5. JOE SHUSTER – Shuster, of course, co-created Superman with Jerry Siegel. Shuster’s Superman artwork in the late-1930’s and 1940’s was no doubt typical of the comic book artwork of that time, since both the comic book industry and the super-hero genre were in their infancy – but without Siegel and Shuster (and the generations of writers and artists whom they inspired), the Metropolis Marvel might have never become the pop culture icon that he is today. Though Shuster’s worsening eyesight would end his career as a comic book artist by the late-1940’s, there’s no question that Superman had already become an American institution, thanks in part to the Siegel/Shuster team. (A little trivia note: Joe Shuster’s cousin Frank would make his own mark on pop culture, as one-half of the legendary Canadian comedy duo of Wayne [as in Johnny Wayne] and Shuster, whose greatest success would come on TV from the 1950’s to the late-1980’s.)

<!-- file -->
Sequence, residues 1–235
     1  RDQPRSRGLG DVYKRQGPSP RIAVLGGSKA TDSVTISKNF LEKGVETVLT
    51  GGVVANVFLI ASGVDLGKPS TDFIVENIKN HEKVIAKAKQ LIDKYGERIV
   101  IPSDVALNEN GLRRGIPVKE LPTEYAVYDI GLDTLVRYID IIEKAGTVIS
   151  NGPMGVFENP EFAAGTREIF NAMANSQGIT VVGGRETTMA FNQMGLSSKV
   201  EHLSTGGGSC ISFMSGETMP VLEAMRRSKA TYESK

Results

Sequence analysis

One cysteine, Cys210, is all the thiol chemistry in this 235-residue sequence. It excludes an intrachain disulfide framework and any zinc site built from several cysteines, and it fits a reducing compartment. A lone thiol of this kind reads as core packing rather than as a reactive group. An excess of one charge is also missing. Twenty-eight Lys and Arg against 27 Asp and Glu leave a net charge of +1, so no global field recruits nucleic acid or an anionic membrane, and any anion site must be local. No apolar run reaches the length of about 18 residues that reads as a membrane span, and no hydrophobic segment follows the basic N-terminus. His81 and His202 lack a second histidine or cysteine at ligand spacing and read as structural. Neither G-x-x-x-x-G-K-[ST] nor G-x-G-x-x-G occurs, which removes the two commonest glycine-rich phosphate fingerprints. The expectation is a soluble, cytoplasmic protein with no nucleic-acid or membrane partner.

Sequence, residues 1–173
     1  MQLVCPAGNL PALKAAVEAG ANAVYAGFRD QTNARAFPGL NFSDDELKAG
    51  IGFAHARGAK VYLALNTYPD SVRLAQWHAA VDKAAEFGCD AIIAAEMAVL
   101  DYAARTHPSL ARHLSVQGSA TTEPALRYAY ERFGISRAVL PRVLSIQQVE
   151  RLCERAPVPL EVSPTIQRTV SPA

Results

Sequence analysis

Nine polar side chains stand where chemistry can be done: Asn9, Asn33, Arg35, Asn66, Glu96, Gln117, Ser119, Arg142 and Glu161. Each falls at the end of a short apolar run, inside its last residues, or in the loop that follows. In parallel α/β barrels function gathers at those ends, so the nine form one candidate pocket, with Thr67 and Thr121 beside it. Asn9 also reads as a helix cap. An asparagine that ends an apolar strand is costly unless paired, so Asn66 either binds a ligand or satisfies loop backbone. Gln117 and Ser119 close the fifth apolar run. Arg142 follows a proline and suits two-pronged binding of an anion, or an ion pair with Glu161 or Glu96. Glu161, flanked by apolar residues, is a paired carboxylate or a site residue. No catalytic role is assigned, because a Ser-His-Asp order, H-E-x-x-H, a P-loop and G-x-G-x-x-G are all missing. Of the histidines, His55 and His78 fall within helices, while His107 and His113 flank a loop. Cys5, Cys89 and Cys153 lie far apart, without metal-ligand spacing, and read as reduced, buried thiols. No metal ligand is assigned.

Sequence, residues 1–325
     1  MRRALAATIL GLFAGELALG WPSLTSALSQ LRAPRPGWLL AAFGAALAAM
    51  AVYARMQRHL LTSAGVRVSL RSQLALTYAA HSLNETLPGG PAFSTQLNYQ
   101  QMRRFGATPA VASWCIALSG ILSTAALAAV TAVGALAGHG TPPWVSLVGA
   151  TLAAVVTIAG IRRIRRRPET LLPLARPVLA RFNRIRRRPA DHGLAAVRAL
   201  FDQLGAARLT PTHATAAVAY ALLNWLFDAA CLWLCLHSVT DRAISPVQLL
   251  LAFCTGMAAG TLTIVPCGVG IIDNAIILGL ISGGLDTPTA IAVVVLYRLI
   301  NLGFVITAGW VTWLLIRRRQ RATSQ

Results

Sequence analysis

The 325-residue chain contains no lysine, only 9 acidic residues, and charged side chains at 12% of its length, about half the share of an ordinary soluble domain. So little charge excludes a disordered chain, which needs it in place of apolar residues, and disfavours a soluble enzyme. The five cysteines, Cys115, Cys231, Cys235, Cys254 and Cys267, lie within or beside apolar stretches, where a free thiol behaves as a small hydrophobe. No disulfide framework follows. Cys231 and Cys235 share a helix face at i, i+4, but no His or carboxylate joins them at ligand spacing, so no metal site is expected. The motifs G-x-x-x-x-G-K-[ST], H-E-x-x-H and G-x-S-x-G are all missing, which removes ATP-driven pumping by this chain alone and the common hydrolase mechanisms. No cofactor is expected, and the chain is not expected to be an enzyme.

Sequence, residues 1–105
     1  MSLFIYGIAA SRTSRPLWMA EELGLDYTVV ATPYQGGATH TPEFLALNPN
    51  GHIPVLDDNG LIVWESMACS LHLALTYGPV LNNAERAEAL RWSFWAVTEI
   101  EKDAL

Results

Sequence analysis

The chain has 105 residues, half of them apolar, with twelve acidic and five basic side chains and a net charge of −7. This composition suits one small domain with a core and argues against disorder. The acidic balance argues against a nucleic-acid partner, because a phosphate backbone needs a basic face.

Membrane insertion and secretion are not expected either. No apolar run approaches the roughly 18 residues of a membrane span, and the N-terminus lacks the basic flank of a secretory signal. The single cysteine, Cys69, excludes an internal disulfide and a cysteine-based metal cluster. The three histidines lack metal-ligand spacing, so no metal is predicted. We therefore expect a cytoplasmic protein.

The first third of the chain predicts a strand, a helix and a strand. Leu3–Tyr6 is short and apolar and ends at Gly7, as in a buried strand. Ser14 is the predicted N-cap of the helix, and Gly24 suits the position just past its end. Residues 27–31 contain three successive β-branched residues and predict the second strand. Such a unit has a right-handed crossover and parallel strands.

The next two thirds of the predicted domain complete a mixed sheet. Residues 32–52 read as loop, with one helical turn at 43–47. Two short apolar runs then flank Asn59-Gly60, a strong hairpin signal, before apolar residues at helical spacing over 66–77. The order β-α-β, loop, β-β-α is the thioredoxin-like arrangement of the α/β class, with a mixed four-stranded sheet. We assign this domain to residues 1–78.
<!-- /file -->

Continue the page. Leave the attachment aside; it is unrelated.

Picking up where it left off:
4. JERRY ORDWAY – Ordway’s long association with Superman really began in the early-1980’s, when he worked on ALL-STAR SQUADRON -- even if the Man of Steel he drew was the Earth-Two version. In 1986, when Superman was revamped, Ordway became the regular artist on THE ADVENTURES OF SUPERMAN (the new title for the monthly SUPERMAN comic book that debuted in 1939) -- Ordway’s rendition of the character remains one of the best that ever graced the comic book pages. Ordway’s talents as an artist would also play an important role in his emergence as a comic book writer, when he started to co-plot and write Superman scripts in 1987-88 (and later on, write a successful revival of Captain Marvel in the 1990’s [THE POWER OF SHAZAM!]).